Our assumption is that we are growing. But we may not be able to prove God that this is growth. On a Sunday evening, a passenger was waiting in the Tokyo Airport waiting for his flight to San Francisco. According to the time zone setting, when in San Francisco it would be Sunday morning only. The passenger was excited about having two Sundays in a chain. Yeah, he thought of having a cup of coffee. He saw a vending machine beside a snacks stall, close by. But there was a small problem, he had converted all his yen into dollars and the yen he had with him was not enough for a cup. He went to the snack stall and asked the girl there, if he would get a cup for two yen less. He told her that the measure doesn’t matter. But what she told him was that the machine would work only if the cash tendered matches the price.
Not long back, I happened to hear the sad story of a newly wedded couple who drove to Niagara from Detroit. In between Detroit and Niagara, the Express Highway splits into two – one to Canada and the next to Niagara (USA). There were no check points at Canada entry point and they understood the blunder only when they were fully in Canada. The lady had all the papers ready, but her husband was on a visa under some controlled categories. According to the story, the husband was not allowed to enter the USA and was flown back to India. In the advanced world, it is the heartless machines that decide everything. It’s true that machines don’t cheat and it is more trustworthy too. But with intelligence added machines all around, how shall we teach our kids those prime lessons of offering and love?
Helen Keller said, “Life is an exciting business and most exciting when lived for others.” Unless we thrive in respecting and loving others, we miserably fall from our status of cocreators. Also, if you are not loved, according to psychology, you are virtually dead. Actual love does not remain confined to selfishness or self-love. It gently grows into ours, then to those around us, and further to our country and to the globe and then to the Universe…. The love that oozes out from us should wet the entire universe. According to a survey done by J C Staehle, among US workers, it was found that the biggest of workers’ problems is lack of sharing. It was world Bank President Robert McNamara who said, “Brains are like hearts, they go where they are appreciated.” We are not ready to share any profit with others, be it gross or subtle.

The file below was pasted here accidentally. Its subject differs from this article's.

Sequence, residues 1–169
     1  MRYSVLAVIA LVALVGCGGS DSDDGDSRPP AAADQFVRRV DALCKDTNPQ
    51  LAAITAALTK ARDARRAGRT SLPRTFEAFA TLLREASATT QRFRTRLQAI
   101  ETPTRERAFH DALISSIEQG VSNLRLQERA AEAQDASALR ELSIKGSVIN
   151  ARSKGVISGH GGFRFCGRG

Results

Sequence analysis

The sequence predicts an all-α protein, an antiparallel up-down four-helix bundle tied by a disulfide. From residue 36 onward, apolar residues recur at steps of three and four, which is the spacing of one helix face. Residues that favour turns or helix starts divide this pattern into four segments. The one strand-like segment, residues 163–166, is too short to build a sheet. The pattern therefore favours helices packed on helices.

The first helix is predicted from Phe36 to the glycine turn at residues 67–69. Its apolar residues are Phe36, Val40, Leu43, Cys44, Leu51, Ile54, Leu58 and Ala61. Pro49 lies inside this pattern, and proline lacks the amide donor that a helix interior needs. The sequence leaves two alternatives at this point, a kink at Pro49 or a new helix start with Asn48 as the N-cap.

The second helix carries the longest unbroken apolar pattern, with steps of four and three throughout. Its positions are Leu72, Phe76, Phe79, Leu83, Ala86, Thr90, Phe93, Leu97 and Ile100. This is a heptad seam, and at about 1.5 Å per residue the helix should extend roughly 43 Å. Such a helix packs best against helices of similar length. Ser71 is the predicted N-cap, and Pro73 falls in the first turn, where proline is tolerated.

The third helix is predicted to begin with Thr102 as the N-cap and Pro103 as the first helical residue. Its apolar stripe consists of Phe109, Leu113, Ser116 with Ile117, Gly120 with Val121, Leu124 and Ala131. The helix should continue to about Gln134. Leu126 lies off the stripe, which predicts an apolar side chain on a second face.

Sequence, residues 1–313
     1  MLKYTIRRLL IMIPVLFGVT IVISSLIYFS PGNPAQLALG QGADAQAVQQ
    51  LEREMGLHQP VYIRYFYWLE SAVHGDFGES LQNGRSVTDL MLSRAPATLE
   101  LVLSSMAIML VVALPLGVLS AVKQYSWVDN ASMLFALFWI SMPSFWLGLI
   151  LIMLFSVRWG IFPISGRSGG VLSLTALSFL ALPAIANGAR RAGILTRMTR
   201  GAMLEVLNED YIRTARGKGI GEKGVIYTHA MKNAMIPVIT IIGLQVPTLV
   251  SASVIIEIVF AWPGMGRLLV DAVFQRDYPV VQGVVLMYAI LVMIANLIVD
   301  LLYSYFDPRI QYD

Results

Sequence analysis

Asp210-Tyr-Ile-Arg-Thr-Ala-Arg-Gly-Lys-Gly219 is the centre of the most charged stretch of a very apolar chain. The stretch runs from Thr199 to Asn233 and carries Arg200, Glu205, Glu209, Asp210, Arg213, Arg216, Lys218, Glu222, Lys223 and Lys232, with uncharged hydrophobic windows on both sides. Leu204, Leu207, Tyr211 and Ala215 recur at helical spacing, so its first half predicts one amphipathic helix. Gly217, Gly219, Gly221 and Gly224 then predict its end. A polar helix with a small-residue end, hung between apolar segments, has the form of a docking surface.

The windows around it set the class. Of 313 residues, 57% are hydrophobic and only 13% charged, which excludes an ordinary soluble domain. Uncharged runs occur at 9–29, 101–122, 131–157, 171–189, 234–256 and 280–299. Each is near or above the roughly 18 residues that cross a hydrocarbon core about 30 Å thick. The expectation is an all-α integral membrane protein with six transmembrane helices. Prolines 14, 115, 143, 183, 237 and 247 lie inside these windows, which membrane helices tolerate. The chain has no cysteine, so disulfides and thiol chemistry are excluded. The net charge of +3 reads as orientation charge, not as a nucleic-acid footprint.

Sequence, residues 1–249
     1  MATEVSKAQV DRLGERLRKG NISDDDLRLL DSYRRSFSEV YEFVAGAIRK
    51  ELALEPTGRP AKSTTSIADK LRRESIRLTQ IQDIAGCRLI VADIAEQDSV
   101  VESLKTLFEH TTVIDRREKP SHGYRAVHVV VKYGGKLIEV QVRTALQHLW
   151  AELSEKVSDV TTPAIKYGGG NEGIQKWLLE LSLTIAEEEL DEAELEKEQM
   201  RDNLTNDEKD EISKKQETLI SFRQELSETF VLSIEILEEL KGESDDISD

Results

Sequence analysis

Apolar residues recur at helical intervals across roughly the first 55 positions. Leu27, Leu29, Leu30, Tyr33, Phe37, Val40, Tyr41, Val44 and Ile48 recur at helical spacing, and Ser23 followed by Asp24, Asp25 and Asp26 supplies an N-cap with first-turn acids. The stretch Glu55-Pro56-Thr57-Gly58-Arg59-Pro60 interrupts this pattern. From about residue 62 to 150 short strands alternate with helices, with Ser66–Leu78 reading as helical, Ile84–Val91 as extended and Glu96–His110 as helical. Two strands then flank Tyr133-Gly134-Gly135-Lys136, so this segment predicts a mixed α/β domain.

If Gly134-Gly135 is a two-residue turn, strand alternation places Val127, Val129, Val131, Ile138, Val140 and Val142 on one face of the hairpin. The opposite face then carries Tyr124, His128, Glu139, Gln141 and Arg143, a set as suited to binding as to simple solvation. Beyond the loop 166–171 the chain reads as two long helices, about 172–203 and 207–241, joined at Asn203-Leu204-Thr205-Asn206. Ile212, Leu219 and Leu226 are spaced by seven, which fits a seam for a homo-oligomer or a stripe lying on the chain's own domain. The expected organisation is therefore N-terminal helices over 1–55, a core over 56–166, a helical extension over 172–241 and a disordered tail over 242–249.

According to Swami Vivekananda, we need the world more and never the other way round. He said that service is a process to be done with prayer and intention. What we propose to give should be given at the right time to the right person in the required volume. Then only it gets registered in Nature’s Day Book. Frankly speaking, blaming the machines alone is senseless. Which of our acclaimed religions have love mechanisms? They have only brains, no hearts. Coming to our penal codes, they too have only bone and skin – no hearts.
The problem with machines is that we see everything mechanically only. Here, God appears to us as an entity which responds, only if activated. Our God here spends luxuriously and at other times appears to be very stingy. God does not virtually fit in a mechanical mind.